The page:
Developer: Superfunco
Price: $0.99
Version: 1.0
App Reviewed on: iPhone 3GS

Graphics / Sound Rating: ★★★½☆
User Interface Rating: ★★★☆☆
Gameplay Rating: ★★★☆☆
Re-use / Replay Value Rating: ★★½☆☆

Overall Rating: ★★★☆☆

Mixing genres can be tough. Focus too much on one over the other and half the game suffers. Give equal attention to both and run the risk of neither amounting to anything more than “just okay.” 21 Days attempts to blur the line between story-driven graphical adventure and, well, lines, but neither the gritty tale of revenge nor the path drawing gameplay mechanics quite live up to their potential.

Sam Cooper is a former thief who would’ve gone legit if his backstabbing partner hadn’t talked him into one last job. After the unsurprising betrayal Sam finds himself in lockup with only 3 weeks left before his transfer to a maximum-security prison. He’ll have to sneak past guards, fiddle with camera systems, and otherwise connive his way through over 25 levels as he plans his escape. 21 Days uses the same line-drawing mechanic (touch and drag a path from Sam to his target) found in similar iOS games with the added hitch of stealth. Getting spotted is an automatic failure, so it’s important to take the time to analyze guard movements and plan ahead.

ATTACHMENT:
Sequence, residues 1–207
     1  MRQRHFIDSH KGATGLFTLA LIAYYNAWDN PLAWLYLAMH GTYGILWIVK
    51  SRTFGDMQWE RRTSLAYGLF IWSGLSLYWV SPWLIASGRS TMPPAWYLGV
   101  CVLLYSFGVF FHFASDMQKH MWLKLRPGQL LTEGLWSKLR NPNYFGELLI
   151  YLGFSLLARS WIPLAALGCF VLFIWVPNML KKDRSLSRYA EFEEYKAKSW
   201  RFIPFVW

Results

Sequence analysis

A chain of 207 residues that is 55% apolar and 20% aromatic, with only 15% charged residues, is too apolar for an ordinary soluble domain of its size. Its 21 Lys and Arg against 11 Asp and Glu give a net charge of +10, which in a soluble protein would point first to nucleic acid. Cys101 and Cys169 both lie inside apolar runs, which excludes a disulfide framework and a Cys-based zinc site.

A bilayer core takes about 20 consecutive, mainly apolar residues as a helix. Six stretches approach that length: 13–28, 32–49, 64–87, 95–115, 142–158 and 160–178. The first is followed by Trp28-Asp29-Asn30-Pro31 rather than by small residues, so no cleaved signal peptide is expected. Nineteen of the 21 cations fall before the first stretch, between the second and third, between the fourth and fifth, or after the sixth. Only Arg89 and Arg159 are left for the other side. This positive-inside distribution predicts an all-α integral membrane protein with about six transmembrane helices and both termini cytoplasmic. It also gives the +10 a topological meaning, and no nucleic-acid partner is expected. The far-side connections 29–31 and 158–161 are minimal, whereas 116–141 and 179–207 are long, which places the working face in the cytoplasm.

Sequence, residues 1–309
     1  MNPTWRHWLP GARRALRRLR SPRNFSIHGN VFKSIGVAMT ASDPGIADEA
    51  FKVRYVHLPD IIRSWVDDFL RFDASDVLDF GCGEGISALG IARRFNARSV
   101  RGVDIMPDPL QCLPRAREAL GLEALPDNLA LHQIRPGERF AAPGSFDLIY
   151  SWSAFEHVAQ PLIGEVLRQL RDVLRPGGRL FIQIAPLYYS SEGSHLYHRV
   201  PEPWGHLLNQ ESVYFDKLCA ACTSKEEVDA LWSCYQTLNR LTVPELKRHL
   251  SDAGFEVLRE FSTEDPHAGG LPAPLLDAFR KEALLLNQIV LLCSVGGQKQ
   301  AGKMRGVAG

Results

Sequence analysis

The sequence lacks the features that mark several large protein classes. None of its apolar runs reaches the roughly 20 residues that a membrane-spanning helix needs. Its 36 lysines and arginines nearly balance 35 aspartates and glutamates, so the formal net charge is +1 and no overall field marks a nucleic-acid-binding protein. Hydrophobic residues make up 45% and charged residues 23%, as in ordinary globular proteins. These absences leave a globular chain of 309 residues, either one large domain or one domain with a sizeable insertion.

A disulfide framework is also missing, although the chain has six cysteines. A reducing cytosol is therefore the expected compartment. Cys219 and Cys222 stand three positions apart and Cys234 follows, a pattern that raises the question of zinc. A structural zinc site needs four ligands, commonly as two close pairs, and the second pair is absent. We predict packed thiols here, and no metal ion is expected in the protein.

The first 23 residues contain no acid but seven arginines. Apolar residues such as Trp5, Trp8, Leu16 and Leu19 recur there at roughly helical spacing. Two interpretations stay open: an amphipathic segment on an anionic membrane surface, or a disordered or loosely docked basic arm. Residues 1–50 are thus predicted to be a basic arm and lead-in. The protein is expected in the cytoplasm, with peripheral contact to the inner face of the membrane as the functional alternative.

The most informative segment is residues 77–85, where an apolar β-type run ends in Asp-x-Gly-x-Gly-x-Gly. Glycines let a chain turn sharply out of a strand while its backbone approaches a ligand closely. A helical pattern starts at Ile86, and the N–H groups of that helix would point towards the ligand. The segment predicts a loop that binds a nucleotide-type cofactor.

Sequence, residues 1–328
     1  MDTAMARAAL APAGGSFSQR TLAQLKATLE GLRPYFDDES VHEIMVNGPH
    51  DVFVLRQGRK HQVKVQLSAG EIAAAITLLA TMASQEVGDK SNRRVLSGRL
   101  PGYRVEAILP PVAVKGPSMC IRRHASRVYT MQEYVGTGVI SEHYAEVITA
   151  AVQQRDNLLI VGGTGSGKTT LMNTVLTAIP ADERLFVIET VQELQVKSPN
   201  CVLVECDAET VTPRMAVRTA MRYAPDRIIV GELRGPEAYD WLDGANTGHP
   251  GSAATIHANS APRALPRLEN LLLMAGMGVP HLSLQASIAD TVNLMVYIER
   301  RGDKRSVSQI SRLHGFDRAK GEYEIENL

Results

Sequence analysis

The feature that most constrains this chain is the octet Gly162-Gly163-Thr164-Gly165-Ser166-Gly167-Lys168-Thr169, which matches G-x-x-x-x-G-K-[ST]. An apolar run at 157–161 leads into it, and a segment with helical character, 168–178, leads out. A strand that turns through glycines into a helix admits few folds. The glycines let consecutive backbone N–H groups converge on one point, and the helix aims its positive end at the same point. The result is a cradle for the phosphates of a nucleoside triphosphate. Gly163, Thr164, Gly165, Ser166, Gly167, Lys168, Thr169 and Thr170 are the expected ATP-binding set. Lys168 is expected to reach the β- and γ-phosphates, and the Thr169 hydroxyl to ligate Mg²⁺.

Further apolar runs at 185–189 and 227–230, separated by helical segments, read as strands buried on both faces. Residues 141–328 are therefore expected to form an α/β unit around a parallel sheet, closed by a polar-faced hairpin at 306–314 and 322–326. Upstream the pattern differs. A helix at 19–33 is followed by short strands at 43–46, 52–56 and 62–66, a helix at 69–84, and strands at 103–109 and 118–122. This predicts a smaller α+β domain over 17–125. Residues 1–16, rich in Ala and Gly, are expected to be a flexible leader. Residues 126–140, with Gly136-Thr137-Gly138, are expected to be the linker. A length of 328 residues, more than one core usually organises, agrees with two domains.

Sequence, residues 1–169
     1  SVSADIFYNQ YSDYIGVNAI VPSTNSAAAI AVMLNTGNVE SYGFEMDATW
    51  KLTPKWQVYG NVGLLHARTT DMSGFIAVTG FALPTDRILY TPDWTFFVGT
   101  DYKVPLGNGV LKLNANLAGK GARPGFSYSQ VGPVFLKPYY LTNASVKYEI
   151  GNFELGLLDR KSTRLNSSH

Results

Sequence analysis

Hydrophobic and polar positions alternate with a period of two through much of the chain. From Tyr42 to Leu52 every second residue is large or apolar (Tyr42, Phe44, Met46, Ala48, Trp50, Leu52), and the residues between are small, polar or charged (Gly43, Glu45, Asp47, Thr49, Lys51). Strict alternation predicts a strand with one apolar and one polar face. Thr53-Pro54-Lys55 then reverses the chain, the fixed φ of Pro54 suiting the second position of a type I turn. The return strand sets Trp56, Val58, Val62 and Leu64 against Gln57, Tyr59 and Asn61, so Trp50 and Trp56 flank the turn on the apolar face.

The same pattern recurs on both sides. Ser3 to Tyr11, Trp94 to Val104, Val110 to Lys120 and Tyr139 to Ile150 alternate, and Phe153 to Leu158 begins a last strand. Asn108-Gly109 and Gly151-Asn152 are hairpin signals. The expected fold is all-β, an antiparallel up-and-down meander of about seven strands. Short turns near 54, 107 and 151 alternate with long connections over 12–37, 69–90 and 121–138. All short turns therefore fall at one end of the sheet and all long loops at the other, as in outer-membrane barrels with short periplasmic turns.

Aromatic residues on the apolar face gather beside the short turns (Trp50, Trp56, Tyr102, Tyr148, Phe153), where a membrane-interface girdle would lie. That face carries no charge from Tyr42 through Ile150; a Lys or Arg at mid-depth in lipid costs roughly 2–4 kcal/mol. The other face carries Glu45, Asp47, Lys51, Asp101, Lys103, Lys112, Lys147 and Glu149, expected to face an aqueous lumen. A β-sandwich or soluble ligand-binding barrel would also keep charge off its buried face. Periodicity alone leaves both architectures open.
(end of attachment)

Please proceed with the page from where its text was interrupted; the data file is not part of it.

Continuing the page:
21 Days utilizes an impressive visual style that’s both reminiscent of a graphic novel (for character portraits during dialog) and a classic PC adventure game (for the actual gameplay). It really helps to emphasize the feeling of Sam’s tale of revenge, plus it just looks cool. Giving Sam the ability to intentionally make noise in order to draw guards away is also a welcome (and essential) addition to the formula. Of course that doesn’t make getting stuck in a corner with a guard fast approaching any less tense.

Yet for all of 21 Days’ visual flair, the environments are rather barren. There are areas of interest, but the bulk of the game’s hallways are fairly dull to wander through. Controlling Sam can also be a problem at times as his hit box seems a little small, which often leads to unintentionally moving the camera rather than redirecting the escapee. This typically results in getting sent back to the start of the level pretty quickly. Even the story suffers thanks to several awkward moments and interactions that feel simultaneously out of place and shoehorned in to cater to the gameplay mechanics. Seriously, where did Bill even get that radio?

The story, awkward though it might be at times, should be plenty of reason for fans of crime dramas or tales of prison escapes to take notice of 21 Days. I wish I could say the same for the line-drawing puzzle lovers out there, but with none of the features that make other titles in the genre so enjoyable (scores, replayability, responsive controls, etc) it’s just not something I’m willing to recommend. This one is more for the visual novel fans.


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